Open-End Credit

What is 'Open-End Credit'

Open-end credit is a preapproved loan between a financial institution and borrower that may be used repeatedly up to a certain limit and can subsequently be paid back prior to payments coming due. The preapproved amount will be set out in the agreement between the lender and the borrower. Open-end credit is also referred to as a "line of credit" or "revolving line of credit."

BREAKING DOWN 'Open-End Credit'

Open-end credit agreements are advantageous to borrowers, as they exert more control over how much they borrow and when. In addition, interest is not usually charged on the part of the line of credit that is not used, which can lead to interest savings for the borrower compared to an installment loan.

Open-end credit often takes one of two forms: a loan or a credit card. Within the consumer market, credit cards are the more common form as they provide flexible access to funds and are immediately available again once a payment is received. A home equity line of credit is one of the more common loan forms in the consumer market, allowing borrowers to access funds based on the level of equity in their homes or other property.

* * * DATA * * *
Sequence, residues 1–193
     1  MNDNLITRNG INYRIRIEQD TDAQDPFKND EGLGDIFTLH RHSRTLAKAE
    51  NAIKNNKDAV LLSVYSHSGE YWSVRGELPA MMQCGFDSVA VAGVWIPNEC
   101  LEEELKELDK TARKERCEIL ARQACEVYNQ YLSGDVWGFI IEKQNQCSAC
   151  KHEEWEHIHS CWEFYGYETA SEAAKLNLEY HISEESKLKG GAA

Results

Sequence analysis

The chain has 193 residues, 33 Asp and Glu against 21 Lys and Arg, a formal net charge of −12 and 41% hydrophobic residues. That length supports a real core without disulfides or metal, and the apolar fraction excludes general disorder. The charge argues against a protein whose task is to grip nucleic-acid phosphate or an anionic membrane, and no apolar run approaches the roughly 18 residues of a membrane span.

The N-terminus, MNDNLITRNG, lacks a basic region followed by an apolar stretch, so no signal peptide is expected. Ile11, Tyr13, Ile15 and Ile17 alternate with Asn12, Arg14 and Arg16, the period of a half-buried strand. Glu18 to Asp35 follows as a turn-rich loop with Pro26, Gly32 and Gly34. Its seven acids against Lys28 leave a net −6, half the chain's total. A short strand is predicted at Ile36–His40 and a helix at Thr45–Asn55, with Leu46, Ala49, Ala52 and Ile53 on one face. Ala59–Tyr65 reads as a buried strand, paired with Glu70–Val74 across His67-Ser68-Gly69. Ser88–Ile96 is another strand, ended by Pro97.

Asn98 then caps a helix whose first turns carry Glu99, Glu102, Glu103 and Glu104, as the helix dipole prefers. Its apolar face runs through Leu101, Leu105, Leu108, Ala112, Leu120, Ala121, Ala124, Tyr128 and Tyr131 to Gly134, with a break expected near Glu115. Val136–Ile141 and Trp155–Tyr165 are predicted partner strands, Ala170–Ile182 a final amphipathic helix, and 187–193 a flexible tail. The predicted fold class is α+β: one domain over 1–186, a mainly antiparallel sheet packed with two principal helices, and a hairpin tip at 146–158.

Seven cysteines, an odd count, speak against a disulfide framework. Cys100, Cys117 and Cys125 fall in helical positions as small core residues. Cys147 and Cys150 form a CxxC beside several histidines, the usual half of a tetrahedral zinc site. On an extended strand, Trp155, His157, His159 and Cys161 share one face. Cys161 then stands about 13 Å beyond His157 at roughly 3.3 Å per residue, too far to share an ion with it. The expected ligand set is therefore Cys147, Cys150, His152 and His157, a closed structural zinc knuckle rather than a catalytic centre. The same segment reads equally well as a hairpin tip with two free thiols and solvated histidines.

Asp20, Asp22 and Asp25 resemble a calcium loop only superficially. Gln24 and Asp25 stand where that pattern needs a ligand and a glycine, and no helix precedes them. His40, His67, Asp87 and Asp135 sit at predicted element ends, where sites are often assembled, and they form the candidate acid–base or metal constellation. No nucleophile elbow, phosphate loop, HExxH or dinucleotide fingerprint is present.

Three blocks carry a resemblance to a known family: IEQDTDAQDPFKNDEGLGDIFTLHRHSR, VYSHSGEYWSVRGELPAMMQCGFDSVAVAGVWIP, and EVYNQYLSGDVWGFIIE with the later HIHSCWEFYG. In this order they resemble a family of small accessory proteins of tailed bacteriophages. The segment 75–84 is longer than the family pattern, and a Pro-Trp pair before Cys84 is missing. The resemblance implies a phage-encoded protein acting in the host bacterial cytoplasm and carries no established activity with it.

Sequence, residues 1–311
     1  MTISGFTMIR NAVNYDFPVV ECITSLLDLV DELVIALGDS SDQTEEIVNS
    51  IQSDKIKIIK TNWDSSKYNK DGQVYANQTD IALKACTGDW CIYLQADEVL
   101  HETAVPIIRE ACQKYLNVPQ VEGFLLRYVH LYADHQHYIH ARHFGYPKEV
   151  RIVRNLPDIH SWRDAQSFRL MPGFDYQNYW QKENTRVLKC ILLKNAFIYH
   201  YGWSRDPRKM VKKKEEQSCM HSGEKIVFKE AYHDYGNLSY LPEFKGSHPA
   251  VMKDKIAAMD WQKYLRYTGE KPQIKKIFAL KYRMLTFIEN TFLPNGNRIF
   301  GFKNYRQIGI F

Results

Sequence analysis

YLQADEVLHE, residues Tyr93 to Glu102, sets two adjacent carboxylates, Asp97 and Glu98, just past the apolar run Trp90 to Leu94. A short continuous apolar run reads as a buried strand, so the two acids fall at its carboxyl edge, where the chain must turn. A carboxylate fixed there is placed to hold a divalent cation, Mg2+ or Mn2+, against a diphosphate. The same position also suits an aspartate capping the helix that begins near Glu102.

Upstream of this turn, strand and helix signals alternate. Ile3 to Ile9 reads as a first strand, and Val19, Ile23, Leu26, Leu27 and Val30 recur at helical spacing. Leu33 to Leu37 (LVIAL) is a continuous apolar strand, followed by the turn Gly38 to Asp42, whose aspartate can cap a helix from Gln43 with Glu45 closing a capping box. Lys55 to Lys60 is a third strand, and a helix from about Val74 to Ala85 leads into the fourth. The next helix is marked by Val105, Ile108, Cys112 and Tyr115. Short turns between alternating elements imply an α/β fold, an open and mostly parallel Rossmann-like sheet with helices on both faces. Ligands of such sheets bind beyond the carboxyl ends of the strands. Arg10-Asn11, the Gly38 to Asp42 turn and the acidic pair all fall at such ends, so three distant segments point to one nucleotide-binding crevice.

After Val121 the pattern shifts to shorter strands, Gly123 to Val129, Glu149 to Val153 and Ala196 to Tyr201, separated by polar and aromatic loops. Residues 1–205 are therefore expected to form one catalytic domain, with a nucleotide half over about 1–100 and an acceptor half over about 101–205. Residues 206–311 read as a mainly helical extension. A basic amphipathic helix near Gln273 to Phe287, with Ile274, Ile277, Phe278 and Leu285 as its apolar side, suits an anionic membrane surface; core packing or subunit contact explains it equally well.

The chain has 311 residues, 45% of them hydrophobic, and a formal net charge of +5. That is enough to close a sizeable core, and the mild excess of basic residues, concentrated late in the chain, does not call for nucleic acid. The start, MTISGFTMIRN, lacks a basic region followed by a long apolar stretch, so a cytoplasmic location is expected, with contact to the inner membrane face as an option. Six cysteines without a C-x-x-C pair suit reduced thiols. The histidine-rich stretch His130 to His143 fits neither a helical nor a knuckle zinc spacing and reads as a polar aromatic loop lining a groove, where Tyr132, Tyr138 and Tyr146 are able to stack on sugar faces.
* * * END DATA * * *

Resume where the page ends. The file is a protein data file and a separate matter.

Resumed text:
On the business side, a line of credit loan may use different metrics to determine the maximums. These can include information regarding a company’s value or revenue, or it may also be backed by a form of collateral, such as real estate assets and the value of other tangible goods held by the organization.

Line of Credit Loans vs. Closed-End Loans

In both the consumer and business sectors, the main difference between a line of credit and a closed-end loan involves how the funds are initially distributed and if they can be reused as payments take place. While both will have a maximum dollar amount allowed, known as the credit limit, the loans function in different manners.

In a closed-end, also referred to as an installment, loan, the total amount of the loan is provided to the borrower upfront. As payments are made toward the balance, the balance owed decreases, but it is unlikely those funds can be withdrawn a second time. This is what prevents a closed-end loan from being considered a revolving form of credit.

With a line of credit, the full amount of the loan is available once it is granted. This allows borrowers to access as much or as little as they want depending on their current needs. As the balance owed is paid down, borrowers can also choose to withdraw the funds again, making the line of credit revolving in nature.

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